Rep. Kerry BentivolioKerry BentivolioIndiana Republican: Leaders duped me Reindeer farmer saves 'cromnibus' with yes vote High drama as .1T spending package advances by one vote MORE (R-Mich.) on Tuesday proposed legislation that would prevent the federal government from deploying new websites that don't adequately protect personal data.
His Safe and Secure Federal Websites Act, H.R. 3635, would also require existing websites to show they safe and secure. If a website fails to meet that standard, the government would have to take it offline until it is repaired.
"In its haste to implement ObamaCare, the White House has acted with reckless disregard when it comes to protecting the public from hackers," Bentivolio said Tuesday. "With this website, they have jeopardized not only the personal information of users attempting to obtain health insurance, but also potentially compromised dozens of other federal agencies and their systems."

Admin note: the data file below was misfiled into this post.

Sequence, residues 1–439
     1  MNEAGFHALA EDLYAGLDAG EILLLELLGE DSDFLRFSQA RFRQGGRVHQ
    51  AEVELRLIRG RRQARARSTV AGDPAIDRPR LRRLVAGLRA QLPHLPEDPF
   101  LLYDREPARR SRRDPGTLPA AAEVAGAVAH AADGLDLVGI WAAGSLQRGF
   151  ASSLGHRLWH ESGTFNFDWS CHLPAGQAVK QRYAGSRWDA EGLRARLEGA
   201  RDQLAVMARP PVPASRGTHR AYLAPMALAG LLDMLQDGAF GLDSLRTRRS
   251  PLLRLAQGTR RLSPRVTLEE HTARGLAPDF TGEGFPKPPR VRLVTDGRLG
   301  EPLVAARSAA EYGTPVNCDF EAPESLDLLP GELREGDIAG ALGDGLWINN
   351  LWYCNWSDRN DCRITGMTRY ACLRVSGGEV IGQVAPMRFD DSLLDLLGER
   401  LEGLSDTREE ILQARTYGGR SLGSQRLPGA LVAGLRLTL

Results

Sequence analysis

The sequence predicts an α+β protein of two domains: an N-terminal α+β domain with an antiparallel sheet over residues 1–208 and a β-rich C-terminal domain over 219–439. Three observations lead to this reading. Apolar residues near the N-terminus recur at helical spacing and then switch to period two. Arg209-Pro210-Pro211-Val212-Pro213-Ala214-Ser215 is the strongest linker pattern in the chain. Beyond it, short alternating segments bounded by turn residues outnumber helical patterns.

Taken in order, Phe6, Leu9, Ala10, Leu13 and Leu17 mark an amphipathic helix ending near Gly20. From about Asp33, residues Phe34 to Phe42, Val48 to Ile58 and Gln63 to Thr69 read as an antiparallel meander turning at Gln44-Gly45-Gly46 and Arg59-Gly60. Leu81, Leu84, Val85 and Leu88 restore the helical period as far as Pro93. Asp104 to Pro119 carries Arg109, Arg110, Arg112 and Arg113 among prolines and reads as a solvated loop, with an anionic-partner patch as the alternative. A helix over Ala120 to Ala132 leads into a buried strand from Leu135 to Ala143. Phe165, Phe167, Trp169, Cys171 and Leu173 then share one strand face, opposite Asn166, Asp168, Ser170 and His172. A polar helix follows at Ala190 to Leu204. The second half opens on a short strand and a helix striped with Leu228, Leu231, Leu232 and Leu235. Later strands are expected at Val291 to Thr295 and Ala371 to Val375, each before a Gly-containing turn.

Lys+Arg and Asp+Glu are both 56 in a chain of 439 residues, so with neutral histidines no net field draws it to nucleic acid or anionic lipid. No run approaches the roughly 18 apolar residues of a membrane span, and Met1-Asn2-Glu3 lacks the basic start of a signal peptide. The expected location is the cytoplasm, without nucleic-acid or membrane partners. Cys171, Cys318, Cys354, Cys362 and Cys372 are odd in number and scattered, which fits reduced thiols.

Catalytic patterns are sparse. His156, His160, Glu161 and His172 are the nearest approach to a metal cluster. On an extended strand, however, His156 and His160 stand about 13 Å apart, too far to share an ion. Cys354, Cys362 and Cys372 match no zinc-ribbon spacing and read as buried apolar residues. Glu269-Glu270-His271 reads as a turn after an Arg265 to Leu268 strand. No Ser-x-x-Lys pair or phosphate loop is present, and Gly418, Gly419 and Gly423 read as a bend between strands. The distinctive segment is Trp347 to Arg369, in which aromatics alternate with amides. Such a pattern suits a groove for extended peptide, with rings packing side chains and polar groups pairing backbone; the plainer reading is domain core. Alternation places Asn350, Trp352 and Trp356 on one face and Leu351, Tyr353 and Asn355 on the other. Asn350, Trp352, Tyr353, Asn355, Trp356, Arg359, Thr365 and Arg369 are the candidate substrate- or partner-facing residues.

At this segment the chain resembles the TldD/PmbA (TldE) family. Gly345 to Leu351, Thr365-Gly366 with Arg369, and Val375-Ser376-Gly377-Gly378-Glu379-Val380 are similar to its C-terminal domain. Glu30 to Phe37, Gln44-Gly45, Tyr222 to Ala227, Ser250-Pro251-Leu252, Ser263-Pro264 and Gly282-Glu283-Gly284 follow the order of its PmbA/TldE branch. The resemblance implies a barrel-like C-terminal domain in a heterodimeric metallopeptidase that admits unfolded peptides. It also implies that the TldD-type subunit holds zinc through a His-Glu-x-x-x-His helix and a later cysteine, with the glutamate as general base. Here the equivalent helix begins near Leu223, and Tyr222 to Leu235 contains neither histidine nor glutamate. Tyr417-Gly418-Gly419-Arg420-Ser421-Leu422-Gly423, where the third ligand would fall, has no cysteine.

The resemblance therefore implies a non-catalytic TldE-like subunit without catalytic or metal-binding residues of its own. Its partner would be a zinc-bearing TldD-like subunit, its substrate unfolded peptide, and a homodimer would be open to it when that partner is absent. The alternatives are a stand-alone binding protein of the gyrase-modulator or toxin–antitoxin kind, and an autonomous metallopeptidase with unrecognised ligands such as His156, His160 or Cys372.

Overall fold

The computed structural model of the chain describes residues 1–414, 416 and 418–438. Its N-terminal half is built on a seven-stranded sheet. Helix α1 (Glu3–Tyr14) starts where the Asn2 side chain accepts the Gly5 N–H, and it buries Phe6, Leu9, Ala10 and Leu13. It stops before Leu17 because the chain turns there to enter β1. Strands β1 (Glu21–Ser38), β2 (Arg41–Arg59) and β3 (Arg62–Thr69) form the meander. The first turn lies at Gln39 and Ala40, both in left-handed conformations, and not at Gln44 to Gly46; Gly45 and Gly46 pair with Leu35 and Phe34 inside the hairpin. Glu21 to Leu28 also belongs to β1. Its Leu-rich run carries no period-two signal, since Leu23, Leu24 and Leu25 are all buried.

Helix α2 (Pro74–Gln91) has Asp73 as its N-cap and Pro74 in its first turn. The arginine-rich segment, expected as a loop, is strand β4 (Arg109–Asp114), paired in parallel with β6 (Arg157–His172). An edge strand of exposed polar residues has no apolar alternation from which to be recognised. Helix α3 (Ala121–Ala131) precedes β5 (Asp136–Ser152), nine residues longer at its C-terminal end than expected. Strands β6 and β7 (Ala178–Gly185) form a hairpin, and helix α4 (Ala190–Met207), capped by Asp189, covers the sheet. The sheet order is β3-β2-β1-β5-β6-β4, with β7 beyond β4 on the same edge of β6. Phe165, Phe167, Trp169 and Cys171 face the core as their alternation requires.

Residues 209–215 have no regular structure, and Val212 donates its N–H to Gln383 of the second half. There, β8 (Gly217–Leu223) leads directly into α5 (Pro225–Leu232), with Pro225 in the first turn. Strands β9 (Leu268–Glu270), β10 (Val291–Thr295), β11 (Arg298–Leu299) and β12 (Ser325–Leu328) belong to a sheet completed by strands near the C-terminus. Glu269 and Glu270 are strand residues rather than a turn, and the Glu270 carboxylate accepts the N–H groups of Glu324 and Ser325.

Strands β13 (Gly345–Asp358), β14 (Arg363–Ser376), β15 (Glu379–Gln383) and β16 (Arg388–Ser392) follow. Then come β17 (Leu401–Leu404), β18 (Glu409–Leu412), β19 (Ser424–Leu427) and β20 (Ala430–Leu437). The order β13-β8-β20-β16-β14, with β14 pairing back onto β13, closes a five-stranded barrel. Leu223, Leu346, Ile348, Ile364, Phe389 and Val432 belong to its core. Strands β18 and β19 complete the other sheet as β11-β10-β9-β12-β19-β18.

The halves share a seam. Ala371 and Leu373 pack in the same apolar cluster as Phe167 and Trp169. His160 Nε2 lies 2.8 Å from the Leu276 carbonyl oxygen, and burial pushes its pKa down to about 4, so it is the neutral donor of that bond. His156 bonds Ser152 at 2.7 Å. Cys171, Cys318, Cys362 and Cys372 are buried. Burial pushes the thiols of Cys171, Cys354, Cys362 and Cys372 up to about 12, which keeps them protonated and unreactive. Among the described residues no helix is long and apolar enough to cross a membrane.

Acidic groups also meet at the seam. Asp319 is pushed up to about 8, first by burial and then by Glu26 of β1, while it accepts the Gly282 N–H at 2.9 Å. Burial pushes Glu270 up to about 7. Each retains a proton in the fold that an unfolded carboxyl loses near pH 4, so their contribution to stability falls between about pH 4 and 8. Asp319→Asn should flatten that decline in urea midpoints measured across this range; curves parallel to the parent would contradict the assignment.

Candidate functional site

Bentivolio's bill would prohibit federal agencies from deploying a new websites that require users to enter personally identifiable information until the website is certified as "fully functional and secure." Sites already in existence would have 30 days to be certified as safe and secure.
Certification would involve a study and report from the Government Accountability Office, and a report from the Chief Information Officer of the agency involved.
The bill defines "fully functional" as a website that "can fully support the activities for which it is designed or intended with regard to the eliciting, collection, or storage of personally identifiable information, including handling a volume of queries relating to such information commensurate with the purpose for which the website is designed."
Among other things, it defines "secure" to mean the inclusion of security features that meet a standard "acceptable for banking purposes, the naming of an official who is in charge of all security for the site, and the capturing of personal information at the latest possible step for users."